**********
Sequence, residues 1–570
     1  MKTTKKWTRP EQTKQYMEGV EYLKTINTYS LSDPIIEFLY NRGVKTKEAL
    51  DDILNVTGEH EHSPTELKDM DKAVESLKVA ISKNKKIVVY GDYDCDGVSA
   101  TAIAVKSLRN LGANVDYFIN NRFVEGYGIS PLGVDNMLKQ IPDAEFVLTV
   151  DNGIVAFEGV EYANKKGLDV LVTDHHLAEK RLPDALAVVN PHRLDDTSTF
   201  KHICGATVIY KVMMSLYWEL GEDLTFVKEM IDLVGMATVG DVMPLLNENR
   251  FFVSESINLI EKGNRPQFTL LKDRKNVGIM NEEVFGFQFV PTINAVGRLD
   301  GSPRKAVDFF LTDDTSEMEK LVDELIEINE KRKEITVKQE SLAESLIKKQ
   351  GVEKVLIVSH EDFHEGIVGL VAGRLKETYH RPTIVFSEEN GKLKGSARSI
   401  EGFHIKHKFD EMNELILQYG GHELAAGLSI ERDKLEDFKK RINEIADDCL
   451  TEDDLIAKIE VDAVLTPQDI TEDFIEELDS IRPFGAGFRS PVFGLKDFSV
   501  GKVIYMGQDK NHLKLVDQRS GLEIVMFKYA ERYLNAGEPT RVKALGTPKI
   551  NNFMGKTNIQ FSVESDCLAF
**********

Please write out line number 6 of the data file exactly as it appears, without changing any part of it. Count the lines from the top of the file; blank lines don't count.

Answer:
   201  KHICGATVIY KVMMSLYWEL GEDLTFVKEM IDLVGMATVG DVMPLLNENR